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Declaration of Independence and The Constitution of the United States, The


General

Subtitle:
Author: Maier, Pauline
Binding: Paperback
Cover Price: 2.95
Amazon Link: Buy from Amazon.com
Google Book Link:

Publishing

Publisher: Bantam Classics
Copyright Year: 1998
Publication Year: 1998
ISBN#: 0-553-21482-9
LCCN#: 98210524
Pages: 112
Address: New York
Dewey Decimal:
LoC Classification: E221 .U7 1998
ISSN#:

Classification

Genre: Reference
Series:
Series Number: 665
Condition: New
Read: ✓
Shelf: 10
Goodreads:

Comments

The Declaration of Independence was the promise of a representative government; the Constitution was the fulfillment of that promise.

On July 4, 1776, the Second Continental Congress issued a unanimous declaration: the thirteen North American colonies would be the thirteen United States of America, free and independent of Great Britain. Drafted by Thomas Jefferson, the Declaration set forth the terms of a new form of government with the following words: "We hold these Truths to be self-evident, that all men are created equal, that they are endowed with certain unalienable Rights, that among these are Life, Liberty, and the Pursuit of Happiness."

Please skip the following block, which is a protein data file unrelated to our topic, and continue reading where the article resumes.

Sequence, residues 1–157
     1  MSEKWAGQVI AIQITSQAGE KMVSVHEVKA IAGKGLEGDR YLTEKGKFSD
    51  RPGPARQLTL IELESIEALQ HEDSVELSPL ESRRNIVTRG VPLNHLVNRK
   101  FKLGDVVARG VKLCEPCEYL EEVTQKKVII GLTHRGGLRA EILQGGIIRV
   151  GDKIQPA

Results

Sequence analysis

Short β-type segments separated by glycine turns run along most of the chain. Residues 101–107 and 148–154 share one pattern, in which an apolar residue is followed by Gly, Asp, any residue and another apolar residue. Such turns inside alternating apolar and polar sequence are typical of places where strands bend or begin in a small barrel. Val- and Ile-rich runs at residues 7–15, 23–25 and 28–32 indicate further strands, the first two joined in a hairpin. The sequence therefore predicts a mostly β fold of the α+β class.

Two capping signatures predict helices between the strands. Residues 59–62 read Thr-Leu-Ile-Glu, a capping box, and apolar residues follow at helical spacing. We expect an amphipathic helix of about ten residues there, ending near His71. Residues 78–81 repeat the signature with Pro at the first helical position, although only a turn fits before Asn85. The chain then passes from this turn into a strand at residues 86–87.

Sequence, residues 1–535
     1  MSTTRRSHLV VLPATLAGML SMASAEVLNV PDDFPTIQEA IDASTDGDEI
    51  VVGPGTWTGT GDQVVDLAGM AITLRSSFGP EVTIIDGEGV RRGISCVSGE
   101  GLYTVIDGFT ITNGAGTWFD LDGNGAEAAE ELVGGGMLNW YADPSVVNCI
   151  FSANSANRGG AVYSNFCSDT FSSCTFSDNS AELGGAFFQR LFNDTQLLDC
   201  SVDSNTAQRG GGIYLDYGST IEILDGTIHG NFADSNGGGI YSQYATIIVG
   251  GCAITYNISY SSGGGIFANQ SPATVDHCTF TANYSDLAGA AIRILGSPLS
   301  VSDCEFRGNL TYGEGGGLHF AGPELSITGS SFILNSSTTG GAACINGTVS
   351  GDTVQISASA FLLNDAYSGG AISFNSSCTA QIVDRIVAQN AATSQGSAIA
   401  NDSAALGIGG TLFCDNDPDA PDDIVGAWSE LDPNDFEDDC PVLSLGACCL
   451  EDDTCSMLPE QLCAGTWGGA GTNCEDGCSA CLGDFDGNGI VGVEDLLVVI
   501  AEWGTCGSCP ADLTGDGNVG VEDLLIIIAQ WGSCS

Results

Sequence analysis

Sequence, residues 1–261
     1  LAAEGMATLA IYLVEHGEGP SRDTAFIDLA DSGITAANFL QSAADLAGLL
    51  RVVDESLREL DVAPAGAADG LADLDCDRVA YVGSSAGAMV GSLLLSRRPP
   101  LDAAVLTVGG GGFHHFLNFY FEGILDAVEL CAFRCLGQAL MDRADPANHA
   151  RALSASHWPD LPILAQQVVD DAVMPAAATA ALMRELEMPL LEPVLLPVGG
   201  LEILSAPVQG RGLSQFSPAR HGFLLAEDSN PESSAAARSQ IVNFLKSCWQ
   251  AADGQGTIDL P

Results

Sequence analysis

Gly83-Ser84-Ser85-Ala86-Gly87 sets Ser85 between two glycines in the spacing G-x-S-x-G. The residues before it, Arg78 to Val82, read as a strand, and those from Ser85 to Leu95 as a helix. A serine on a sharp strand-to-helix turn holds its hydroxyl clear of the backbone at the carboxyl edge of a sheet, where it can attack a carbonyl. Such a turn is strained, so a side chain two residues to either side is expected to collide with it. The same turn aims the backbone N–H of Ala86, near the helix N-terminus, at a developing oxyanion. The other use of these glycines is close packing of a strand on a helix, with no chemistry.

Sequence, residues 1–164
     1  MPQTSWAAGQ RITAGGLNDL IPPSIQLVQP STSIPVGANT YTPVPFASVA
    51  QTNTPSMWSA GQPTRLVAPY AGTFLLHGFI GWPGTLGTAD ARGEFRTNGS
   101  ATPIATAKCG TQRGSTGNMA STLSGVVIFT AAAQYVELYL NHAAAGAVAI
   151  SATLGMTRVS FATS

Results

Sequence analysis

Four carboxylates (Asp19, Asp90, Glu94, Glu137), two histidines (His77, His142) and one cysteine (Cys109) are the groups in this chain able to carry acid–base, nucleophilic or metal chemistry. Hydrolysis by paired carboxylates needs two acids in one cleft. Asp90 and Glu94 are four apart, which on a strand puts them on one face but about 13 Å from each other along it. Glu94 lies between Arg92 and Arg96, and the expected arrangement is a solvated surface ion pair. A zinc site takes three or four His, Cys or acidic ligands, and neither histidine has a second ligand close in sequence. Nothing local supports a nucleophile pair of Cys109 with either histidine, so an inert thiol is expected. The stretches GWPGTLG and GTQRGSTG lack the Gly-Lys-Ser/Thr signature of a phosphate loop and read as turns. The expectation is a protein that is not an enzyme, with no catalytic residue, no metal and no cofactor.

Framed in 1787 and in effect since March 1789, the Constitution of the United States of America fulfilled the promise of the Declaration by establishing a republican form of government with separate executive, legislative, and judicial branches. The first ten amendments, known as the Bill of Rights, became part of the Constitution on December 15, 1791. Among the rights guaranteed by these amendments are freedom of speech, freedom of the press, freedom of religion, and the right to trial by jury. Written so that it could be adapted to endure for years to come, the Constitution has been amended only seventeen times since 1791 and has lasted longer than any other written form of government.